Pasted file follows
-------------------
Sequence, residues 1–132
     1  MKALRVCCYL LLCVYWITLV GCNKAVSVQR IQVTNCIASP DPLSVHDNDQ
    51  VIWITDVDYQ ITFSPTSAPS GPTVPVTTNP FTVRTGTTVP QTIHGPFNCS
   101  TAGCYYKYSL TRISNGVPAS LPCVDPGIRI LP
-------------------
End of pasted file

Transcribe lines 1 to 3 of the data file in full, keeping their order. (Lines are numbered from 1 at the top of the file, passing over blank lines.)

Sequence, residues 1–132
     1  MKALRVCCYL LLCVYWITLV GCNKAVSVQR IQVTNCIASP DPLSVHDNDQ
    51  VIWITDVDYQ ITFSPTSAPS GPTVPVTTNP FTVRTGTTVP QTIHGPFNCS